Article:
With the Easter weekend fast approaching, we’ve been busy exploring some fabulous local traditions here in South West France. Here are our faves:
￼The consumption of the ‘Cornuelle’ biscuit which is a triangular shortbread cake with a hole in the middle, supposedly a fertility cake, but also traditionally associated with Palm Sunday or as it is called in french, Le Dimanche des Rameaux.
The shortbread biscuit is brushed with egg yolk, to which a few aniseed seeds are added at all three corners.
The two artisan bakers of Villebois where it was created jealously guard their recipe which they hold courtesy of their respective predecessors. This mysterious little shortbread is truly addictive!
The village celebrates with an annual festival, where ginormous Cornuelles are baked and take pride of place in a precession before being broken and shared among the people.
In this part of France, box-tree branches instead of palms are used to commemorate the Dimanche des Rameaux. Box-tree, as a perennial shrub with very resilient dark green leaves is an ideal symbol of life.
￼The festival attracts a very large audience and about 12 000 cornuelles are sold in one day!
Apart form the blessing ceremony and a bright and colourful procession of the giant cornuelles with many in costume, there is loads of family fun to enjoy.
Many of the villages in the region are beautifully decorated with copious greenery of box twigs on store fronts, along the streets, the open town Hall square, anywhere and everywhere! There is often a flea market on, children’s workshops, pony rides, horse drawn carriage rides, exhibitions, competitions and a chance to visit any of the numerous stunning Chateaus, all garlanded up for the Easter season.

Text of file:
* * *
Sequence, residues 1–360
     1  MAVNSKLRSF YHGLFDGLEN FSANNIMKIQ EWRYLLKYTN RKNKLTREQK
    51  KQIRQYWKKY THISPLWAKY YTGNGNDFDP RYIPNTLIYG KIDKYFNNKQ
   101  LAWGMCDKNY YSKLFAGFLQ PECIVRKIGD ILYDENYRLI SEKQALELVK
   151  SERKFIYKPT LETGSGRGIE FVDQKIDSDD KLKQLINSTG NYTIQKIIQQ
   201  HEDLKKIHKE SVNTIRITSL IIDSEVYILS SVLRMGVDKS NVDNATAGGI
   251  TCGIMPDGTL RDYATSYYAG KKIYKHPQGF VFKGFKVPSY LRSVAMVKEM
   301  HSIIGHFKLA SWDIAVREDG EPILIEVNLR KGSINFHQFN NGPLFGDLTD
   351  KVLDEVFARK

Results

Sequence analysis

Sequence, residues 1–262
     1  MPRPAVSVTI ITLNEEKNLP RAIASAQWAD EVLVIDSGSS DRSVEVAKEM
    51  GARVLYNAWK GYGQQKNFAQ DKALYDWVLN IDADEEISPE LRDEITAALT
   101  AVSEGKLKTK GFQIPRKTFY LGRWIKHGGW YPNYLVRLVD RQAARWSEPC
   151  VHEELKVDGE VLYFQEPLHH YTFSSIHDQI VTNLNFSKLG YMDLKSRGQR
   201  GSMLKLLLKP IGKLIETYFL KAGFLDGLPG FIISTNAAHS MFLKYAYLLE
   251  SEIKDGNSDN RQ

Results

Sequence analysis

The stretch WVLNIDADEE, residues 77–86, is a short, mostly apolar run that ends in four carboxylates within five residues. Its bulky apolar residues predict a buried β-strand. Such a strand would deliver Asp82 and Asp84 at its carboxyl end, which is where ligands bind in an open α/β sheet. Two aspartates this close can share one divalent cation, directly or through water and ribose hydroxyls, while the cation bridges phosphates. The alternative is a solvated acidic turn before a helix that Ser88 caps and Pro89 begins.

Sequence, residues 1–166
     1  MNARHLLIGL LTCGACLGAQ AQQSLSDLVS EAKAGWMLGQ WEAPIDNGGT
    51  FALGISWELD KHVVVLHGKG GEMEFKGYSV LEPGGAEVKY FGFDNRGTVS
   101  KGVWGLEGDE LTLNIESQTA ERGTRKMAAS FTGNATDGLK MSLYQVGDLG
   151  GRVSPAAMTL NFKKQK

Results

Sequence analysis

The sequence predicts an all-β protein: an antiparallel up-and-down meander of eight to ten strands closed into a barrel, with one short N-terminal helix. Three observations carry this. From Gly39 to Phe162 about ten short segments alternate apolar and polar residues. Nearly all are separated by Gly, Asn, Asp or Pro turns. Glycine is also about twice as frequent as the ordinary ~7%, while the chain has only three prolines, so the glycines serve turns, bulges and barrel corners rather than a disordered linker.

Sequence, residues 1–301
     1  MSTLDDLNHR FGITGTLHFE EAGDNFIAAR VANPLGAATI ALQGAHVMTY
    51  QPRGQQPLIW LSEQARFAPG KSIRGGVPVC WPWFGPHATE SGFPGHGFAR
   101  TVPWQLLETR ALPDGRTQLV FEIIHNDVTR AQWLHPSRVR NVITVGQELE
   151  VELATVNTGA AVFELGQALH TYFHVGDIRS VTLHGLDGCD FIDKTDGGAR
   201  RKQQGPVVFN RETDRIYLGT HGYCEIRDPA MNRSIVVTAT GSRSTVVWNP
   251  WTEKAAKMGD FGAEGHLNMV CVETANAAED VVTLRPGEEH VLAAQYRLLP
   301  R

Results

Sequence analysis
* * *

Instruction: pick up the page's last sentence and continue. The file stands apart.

Traditionally for France, the Easter Bunny is replaced by the ‘Flying Bells’, or ‘cloches volantes’. As the Catholic tale goes; all French church bells grow wings on Good Friday and fly to the Vatican in Rome, to get blessed by the Pope. They return on Easter Sunday bearing chocolate treats for the children, wildly ringing their arrival in the Easter Sunday church service. Love this! ❤️
Not a chocolate fan? Well how about a giant omelette instead?!The town of Bessieres, in the south-west of France, has started their own Easter tradition, involving a vast number of eggs! As a way of remembering the time Napoleon Bonaparte and his army stayed in the town and were fed on one massive omelette, the townspeople gather on Easter Monday to make an omelette to rival all others! The people of Bessieres turn out in their drones for this celebration, with 40 official chefs and 10,000 people lending a hand!
A whopping 15,000 eggs are used to fill the four-metre pan, and the mixture is stirred with, what is essentially, a ginormous spatula! What a smashing way to eat! Smashing….get it!?Sorry!!!!
￼Staying on theme with eggs, here’s some more traditions the kids will love!
Real eggs are used widely at French Easter parties. Like many places in the UK, French towns host egg-rolling competitions, with the egg that survives its tumble down a hill crowned the winner!
Children are also known to throw raw eggs into the air, with the first child to break their egg losing the game, and sometimes even made to forfeit some of their Easter chocolate to the other children as a penalty! Mmmmm…not sure about this one!
Whatever way you’re celebrating Easter, we wish you a very happy and healthy one from all of us here in sunny France and if you’ve not visited us yet, we hope you’ll consider booking soon.
joyeuses Pâques (Happy Easter)